Released internationally as ‘Mutafukaz’, animated actioner MFKZ drops us onto the mean streets of dystopian Dead Meat City, where young protagonist Angelino (voiced by Kenn Michael) scrapes a living as a pizza delivery guy when he’s not watching wrestling in his run-down apartment with flaming skull-headed flatmate Vinz (Vince Staples).
Scooter-riding Angelino’s humdrum existence in gang-ridden DMC comes to a screeching halt when he takes his eye off the road to get a good look at the beautiful Luna (Dascha Polanco). The subsequent encounter with an oncoming van leaves him suffering from migraines and apparent hallucinations, with Angelino suddenly seeing wibbly alien shapes in the silhouettes of passers-by. Has our hero’s accident sent him round the bend?
Spoiler time – nope! Turns out Angelino’s traffic-induced trauma has opened his eyes to the aliens amongst us. He’s also attracted the unwelcome attention of the Men in Black – led by white-suited bad guy Bruce Macchabee (Danny Trejo) and his henchman Crocodile (Michael Chiklis). On the run with Vinz and their irritating cat pal Willy (Ray Chung), Angelino must find out what’s up before he gets rubbed out.
A collaboration between France’s Ankama Animation and Tokyo animation house Studio 4°C, MFKZ is co-directed by Shōjirō Nishimi, character designer on Tekkonkinkreet and one of the helmers of anthology film Batman: Gotham Knight, and Guillaume ‘Run’ Renard, whose comic book series it adapts. Also onboard is Shinji Kimura, who served as art director on Tekkonkinkreet, Steamboy and the 2012 Blue Exorcist movie.
Also of note is MFKZ’s all-star voice cast, which not only features The Shield’s Michael Chiklis, Orange is the New Black’s Dascha Polanco, rapper Vince Staples and Danny f’ing Trejo, but also Breaking Bad’s Giancarlo Espositio, Mexican animator Jorge Gutierrez and the Wu Tang’s RZA, who pops up as a machine gun-toting, Shakespeare-spouting gangsta.
However, it’s the film’s aesthetic and animation that steal the show – an exhilarating mash-up of film noir, pulpy ‘50s sci-fi and GTA San Andreas-style gangland cool. A distilled vision of the dark side of Los Angeles, DMC and its suburbs look gorgeous in their sun-baked decrepitude, while Studio 4˚C’s action scenes are high-energy delights – especially an extended car chase that sees Angelino and Vinz fleeing from government goons in a stolen ice cream van. MFKZ’s killer looks are complemented by a hip hop and dubstep-infused soundtrack from The Toxic Avenger and Guillaume Houzé.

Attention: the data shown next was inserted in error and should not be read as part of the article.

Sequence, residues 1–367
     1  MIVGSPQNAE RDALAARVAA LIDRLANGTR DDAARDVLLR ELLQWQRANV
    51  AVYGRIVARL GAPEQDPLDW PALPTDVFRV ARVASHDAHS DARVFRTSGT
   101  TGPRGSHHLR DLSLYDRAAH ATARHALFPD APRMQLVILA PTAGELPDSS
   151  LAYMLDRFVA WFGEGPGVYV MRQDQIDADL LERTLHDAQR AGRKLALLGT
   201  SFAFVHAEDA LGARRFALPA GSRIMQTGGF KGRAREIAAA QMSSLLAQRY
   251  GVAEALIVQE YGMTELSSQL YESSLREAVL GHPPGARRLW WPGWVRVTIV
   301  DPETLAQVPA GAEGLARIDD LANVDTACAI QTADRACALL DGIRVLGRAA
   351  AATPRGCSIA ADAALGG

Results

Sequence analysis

Less awesome are MFKZ’s plot and pacing. The storyline itself is standard hero’s journey fare with a straightforward message (love is good; hate not so much) and some on-the-nose satire. A predictable plot and lack of narrative depth mean that the movie starts to drag about two-thirds of the way in. And perhaps it’s the result of squeezing 600 pages of comics into a one-and-a-half hour runtime, but MFKZ is also somewhat unfocused – for example, there’s a whole subplot featuring lucha libre superheroes that doesn’t really go anywhere and feels like it was included just ‘cos it’s cool.
Which, admittedly, it is! From gorgeous graffiti-influenced graphics to badass gun battles, MFKZ runs on the rule of cool. It may not be as wild or satisfying a ride as fellow Studio 4˚C film Mind Game, but taken as a series of individual scenes MFKZ is enormously entertaining eye candy. It’s also likely to be in UK cinemas only fleetingly, so if you want to catch MFKZ on the big screen we recommend that you check out tomorrow’s screening.
Release: 11 October 2018
From: Manga Entertainment
Age Rating: 15